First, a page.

This program celebrated the centenary of diplomatic relations between the United States and Korea, and the equally-long relations between the Smithsonian and Korean scholars. Many of the kinds of traditions the first Smithsonian researchers encountered a century earlier were represented at the 1982 Festival, including musical instrument making, musical performance, pottery making and rituals from the indigenous shamanic religion of Korea. Visitors could also enjoy other venerable traditions including masked dance drama, hemp-cloth and hat making, and the occupational songs of farmers and women divers. Korean Americans presented traditions brought from Korea that have taken root in the American land.
The crafts represented at the Festival were typical of those produced during Korea's late feudal period, which ended with the termination of the Joseon Dynasty (1392-1910). Before the eighteenth century, most of the handcraft industries, such as pottery-making, metal smithing, and stone- working, were strictly regulated by the royal court, which controlled much of the country's commerce. During the declining years of the dynasty, however, small cottage industries thrived, as court artisans entered private life and peasant farmers sought to improve their precarious economic situation by producing textiles, baskets, and other crafts for market. On appointed market days in the villages, peddlers, local vendors, and farmers would spread their wares on the ground or in booths, where they could be viewed by passersby. This traditional open-air market remains a feature of modern Korean life, even though many of the older handcrafts were supplanted over the last few decades with machine-manufactured goods.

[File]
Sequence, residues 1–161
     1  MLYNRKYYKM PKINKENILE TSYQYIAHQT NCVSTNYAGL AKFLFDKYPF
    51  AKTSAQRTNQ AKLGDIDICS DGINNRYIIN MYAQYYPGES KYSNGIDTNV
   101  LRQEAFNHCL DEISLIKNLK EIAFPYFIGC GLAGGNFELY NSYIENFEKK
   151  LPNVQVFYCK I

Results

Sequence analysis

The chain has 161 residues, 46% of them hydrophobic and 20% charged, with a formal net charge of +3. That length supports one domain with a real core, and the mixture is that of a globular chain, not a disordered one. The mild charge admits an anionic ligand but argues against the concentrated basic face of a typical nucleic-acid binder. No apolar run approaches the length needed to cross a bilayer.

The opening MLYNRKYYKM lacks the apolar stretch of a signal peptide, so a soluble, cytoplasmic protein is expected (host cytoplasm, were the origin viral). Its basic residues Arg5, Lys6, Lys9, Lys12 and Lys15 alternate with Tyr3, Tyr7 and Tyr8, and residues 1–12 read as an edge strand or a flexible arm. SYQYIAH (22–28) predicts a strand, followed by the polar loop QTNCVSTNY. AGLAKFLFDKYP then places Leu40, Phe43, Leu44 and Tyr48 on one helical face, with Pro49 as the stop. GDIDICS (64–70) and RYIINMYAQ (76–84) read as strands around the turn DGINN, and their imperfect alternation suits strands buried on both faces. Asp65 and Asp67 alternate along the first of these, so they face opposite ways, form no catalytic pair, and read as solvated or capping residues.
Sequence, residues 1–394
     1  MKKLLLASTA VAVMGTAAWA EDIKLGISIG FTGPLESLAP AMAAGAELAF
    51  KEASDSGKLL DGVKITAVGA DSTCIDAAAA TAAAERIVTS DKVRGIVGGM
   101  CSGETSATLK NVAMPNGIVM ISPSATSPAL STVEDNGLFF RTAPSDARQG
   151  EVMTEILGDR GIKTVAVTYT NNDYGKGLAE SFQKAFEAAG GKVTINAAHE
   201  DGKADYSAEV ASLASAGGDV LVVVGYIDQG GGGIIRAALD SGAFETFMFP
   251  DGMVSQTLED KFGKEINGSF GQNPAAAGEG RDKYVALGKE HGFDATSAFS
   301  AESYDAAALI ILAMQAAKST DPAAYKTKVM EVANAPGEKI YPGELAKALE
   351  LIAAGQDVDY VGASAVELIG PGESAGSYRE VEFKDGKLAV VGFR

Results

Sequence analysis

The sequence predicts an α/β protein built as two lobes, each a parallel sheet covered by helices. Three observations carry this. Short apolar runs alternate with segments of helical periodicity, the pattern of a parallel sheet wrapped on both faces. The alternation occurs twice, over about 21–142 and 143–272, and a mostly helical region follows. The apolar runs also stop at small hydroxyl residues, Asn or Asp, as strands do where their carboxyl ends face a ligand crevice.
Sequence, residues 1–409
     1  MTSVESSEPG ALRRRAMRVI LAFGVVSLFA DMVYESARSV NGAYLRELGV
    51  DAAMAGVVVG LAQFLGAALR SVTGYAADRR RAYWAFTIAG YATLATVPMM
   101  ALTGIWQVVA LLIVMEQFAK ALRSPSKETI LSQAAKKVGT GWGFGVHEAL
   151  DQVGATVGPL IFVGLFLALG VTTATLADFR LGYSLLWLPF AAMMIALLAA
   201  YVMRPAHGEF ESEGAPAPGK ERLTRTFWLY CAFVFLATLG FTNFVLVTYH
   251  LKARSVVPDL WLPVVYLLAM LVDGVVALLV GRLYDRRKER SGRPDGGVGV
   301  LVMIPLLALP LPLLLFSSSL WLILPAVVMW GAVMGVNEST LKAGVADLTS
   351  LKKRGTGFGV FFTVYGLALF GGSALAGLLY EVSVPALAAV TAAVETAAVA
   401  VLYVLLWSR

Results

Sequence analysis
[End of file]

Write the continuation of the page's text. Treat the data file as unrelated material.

The great influx of technology to the Republic of Korea in the 1960s and 1970s tended to leave all traditional arts in its wake - both elite and folk traditions. As a result, folk survivals in the 1980s tended to be grouped together with the high arts because they were considered to be old, traditional, venerable. Together with the tendency towards professionalization, this led to the current state of such folk traditions as the Farmer's Dance ( nongak), taught by professional musicians in conservatories. Farmers may still know how to do it, but most people would say that one has to go to the cities to hear it done well, done precisely. If someone in a village turns out to have performing talent, he or she studies with the best masters; then, if really good, it is on to the big city to try to make a career in the performance and recording-studio world.
In choosing and presenting Korean and Korean American participants at the 1982 Festival, Smithsonian organizers sought to explore the range of vernacular styles in music, dance, crafts, foodways, games, and so forth, as expressed through the skills of the best available practitioners. The intention was to provide a glimpse of the country, its cultures, and its peoples.